Jacob Ewald is a machine. Birdie, his second album under the Slaughter Beach, Dog moniker, comes just over a year since SBD’s debut Welcome, and only months after this summer’s Motorcycle.jpg EP— not to mention just a few weeks since the last shows (for the foreseeable future, at least) of emo/pop punk darlings Modern Baseball, whom he co-fronted with Brendan Lukens. While Welcome stuck to the emo punk/indie rock leanings that MoBo dealt in spades, Birdie settles in amongst a more mellow sound; there’s more acoustic picking than rockin’ power chords (and check out the pedal steel on “Buttercup”!), and Ewald’s vocals land somewhere between Jeff Magnum and a more accessible Conor Oberst.
Birdie offers us another look into the neurotic world Ewald began building on Welcome. The simplified musical approach allows for Ewald’s storytelling to shine, weaving suburban tales of slackers and daydreamers who wait in Goodwill parking lots and drink crappy beer. Opener “Phoenix” reintroduces us to the young couple from Philly featured on Welcome, while “Pretty Okay” brings us new characters in new places. The songwriting is detail oriented; sad, but not bluntly so. Ewald doesn’t hit you over the head with how depressing his characters’ lives are, and they are never overly pessimistic: see closer “Acolyte,” in which the narrator proposes to reoccuring SBD character Annie, and things look like maybe they’re actually going to be okay.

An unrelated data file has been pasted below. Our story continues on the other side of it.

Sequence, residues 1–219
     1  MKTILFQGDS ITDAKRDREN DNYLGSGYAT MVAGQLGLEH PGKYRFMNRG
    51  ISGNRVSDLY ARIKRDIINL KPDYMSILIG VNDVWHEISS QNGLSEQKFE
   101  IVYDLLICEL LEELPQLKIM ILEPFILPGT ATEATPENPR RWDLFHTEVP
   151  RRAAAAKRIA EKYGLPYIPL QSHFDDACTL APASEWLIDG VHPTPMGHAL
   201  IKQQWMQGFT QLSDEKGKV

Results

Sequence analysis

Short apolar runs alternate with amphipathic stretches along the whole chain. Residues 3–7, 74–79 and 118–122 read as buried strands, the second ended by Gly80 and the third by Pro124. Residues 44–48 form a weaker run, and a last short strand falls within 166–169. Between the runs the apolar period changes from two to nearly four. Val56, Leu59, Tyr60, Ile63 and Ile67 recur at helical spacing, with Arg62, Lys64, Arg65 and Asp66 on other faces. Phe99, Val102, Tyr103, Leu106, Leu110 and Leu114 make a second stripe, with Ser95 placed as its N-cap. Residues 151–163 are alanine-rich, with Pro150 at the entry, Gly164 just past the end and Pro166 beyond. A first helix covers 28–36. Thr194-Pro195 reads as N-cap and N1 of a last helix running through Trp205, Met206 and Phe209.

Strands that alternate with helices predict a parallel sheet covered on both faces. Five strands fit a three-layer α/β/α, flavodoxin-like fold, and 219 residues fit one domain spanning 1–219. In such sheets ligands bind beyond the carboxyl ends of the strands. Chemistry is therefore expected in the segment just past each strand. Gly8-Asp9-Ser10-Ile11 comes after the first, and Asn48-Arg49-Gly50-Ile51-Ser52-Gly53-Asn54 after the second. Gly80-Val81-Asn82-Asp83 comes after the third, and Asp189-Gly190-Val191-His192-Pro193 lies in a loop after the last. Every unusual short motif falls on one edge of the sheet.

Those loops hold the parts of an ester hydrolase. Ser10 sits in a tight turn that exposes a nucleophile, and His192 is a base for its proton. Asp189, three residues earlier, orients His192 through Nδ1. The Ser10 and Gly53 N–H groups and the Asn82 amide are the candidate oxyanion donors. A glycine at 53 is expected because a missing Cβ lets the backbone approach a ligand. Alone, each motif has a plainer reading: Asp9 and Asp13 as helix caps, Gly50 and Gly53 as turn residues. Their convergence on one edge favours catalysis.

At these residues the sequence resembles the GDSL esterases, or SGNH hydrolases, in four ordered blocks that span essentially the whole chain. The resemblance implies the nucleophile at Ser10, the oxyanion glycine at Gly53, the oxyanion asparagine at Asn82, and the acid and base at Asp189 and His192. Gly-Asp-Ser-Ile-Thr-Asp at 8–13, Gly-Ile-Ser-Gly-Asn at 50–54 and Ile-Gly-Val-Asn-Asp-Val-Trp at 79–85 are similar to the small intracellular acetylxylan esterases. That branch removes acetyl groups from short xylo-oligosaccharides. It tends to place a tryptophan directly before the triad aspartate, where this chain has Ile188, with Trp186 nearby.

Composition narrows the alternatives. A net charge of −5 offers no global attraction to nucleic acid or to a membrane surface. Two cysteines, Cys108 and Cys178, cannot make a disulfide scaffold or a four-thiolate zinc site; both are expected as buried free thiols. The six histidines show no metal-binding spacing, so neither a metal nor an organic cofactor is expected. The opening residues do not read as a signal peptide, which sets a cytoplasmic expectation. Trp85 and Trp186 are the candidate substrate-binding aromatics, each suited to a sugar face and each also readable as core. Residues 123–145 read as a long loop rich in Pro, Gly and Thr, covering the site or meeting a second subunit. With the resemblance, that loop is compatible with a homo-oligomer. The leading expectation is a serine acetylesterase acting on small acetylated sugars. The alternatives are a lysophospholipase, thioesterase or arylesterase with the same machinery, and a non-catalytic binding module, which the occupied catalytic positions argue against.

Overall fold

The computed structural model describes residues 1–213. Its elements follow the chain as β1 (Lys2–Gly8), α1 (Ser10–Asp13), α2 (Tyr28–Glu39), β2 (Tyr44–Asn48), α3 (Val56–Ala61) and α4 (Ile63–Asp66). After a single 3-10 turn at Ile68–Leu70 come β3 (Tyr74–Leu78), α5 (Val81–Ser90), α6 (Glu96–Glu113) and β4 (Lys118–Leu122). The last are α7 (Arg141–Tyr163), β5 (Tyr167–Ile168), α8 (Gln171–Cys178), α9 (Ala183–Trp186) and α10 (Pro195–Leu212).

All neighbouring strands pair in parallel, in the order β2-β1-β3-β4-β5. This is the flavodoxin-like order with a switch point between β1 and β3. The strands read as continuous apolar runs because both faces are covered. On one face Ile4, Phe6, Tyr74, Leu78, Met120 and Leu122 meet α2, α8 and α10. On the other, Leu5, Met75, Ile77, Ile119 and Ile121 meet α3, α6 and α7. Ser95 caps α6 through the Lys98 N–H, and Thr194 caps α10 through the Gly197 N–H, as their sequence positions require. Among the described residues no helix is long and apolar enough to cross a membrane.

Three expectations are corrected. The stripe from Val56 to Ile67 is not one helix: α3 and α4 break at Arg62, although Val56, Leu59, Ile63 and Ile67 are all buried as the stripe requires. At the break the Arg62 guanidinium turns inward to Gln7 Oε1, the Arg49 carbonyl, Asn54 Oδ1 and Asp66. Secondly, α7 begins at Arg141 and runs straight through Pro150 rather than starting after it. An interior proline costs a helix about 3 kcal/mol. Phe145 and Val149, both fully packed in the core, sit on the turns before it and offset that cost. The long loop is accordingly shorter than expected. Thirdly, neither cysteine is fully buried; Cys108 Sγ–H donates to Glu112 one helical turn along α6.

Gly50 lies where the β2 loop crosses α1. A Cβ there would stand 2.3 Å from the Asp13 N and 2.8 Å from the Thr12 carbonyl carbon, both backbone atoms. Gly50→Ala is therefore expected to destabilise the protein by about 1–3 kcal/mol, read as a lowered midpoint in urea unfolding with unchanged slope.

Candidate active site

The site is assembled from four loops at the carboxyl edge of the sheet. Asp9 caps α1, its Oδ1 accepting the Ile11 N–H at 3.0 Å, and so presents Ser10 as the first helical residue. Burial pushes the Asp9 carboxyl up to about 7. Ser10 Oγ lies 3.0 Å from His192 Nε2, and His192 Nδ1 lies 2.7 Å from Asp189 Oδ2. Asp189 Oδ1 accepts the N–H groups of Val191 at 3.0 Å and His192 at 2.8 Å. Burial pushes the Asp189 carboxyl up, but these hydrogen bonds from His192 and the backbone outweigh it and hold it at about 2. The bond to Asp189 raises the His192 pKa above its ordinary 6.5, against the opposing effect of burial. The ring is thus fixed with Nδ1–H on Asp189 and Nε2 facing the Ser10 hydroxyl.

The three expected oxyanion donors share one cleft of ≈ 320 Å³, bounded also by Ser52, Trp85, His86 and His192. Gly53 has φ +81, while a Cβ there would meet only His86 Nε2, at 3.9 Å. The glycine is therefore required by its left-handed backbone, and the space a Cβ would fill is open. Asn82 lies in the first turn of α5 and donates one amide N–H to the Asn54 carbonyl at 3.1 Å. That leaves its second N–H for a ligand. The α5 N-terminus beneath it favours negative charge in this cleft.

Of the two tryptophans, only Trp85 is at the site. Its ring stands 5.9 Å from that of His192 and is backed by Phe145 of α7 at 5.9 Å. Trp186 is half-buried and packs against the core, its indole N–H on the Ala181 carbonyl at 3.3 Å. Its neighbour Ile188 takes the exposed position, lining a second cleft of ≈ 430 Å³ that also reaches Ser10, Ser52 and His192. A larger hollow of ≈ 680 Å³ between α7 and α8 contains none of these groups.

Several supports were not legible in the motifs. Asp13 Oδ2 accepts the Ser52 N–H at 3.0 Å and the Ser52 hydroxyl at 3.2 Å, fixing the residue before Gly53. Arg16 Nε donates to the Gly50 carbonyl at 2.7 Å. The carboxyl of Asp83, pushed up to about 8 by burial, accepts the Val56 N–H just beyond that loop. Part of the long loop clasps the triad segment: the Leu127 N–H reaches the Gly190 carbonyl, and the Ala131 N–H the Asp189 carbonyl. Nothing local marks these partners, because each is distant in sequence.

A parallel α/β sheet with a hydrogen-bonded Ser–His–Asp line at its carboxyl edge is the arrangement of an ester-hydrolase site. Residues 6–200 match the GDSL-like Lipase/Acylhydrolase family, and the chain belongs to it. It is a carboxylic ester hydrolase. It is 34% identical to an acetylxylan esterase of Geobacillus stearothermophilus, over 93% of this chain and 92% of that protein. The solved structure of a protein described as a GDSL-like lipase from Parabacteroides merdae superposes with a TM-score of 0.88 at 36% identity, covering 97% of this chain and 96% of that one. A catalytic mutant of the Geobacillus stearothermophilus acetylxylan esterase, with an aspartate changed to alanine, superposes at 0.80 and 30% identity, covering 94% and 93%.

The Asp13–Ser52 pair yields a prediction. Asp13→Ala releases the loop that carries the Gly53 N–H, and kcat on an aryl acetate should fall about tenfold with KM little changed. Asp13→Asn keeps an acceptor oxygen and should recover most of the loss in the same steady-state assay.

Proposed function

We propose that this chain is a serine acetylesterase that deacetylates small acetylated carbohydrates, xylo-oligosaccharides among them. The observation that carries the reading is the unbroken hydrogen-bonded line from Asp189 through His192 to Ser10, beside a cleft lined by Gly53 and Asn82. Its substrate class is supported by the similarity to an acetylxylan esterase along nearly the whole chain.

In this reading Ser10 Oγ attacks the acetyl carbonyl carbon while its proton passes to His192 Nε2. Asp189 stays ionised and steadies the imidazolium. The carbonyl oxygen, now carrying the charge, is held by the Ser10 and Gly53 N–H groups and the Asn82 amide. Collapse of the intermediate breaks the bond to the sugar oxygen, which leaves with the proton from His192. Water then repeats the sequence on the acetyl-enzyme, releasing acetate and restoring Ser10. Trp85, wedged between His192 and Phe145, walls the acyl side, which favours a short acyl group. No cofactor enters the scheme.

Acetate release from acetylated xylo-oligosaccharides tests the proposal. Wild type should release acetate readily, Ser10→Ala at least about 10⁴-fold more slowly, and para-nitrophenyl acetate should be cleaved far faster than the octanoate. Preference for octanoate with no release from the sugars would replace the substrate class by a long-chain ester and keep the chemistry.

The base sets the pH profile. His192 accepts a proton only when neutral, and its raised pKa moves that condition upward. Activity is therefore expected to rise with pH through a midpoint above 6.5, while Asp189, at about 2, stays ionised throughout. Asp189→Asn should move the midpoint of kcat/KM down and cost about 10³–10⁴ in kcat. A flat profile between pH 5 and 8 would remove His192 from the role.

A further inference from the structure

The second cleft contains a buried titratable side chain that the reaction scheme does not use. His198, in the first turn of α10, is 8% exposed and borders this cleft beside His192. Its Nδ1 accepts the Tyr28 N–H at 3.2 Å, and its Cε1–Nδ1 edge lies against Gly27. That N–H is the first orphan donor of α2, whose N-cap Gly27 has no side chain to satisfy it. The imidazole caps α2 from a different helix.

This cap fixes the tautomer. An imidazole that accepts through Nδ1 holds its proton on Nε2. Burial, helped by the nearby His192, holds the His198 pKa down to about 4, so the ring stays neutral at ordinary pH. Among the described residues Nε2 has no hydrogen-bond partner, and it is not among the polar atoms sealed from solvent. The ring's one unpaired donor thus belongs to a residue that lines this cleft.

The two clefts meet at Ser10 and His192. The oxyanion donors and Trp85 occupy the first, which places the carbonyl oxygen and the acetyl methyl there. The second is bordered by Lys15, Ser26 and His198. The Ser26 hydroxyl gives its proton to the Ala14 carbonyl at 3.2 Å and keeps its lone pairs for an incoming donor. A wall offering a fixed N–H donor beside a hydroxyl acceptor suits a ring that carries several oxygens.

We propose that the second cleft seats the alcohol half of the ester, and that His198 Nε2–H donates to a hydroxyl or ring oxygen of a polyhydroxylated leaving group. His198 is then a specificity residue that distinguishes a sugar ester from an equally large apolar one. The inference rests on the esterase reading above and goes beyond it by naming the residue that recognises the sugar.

Sonically, Birdie takes the emo-tinged indie rock of its predecessors and tones it down, adopting a more pronounced folk and alt-country influence, not unlike crossover scene favorites Pinegrove. “Gold and Green” is an upbeat acoustic indie rock song with a steel guitar lead, and “Pretty Okay” follows suit, though with a more electric arrangement that recalls both early SBD material and Modern Baseball. “Shapes I Know” features prominent organ, and “Buttercup” is a gentle ballad with lightly plucked acoustic guitar and tender brushwork on the drums. The farthest cry on the album from Ewald’s pop punk background is “Friend Song,” based around what sounds like a chord organ and sparse background percussion.
Slaughter Beach, Dog may have started as a side project, but Birdie proves that it is more than capable of standing on its own. Through Ewald’s intricate storytelling and a blending of genres both old and contemporary, Birdie stands as a testament to Ewald’s ability as a songwriter and musician and makes for a relaxing, but engaging, listen,